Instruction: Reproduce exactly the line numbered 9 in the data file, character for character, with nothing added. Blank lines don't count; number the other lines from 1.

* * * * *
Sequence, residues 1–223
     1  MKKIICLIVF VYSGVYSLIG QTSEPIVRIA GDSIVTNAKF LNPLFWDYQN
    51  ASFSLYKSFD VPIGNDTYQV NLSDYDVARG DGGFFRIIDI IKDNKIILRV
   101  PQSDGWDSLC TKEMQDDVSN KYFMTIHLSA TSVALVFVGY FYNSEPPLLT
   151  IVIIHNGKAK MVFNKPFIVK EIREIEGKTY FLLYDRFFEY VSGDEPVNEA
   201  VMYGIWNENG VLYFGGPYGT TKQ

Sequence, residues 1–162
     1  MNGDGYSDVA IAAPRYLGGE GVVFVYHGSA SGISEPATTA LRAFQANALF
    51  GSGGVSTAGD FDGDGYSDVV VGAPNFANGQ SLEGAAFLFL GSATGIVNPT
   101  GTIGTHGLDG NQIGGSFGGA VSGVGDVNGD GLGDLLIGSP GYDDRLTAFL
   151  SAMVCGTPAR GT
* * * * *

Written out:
    51  GSGGVSTAGD FDGDGYSDVV VGAPNFANGQ SLEGAAFLFL GSATGIVNPT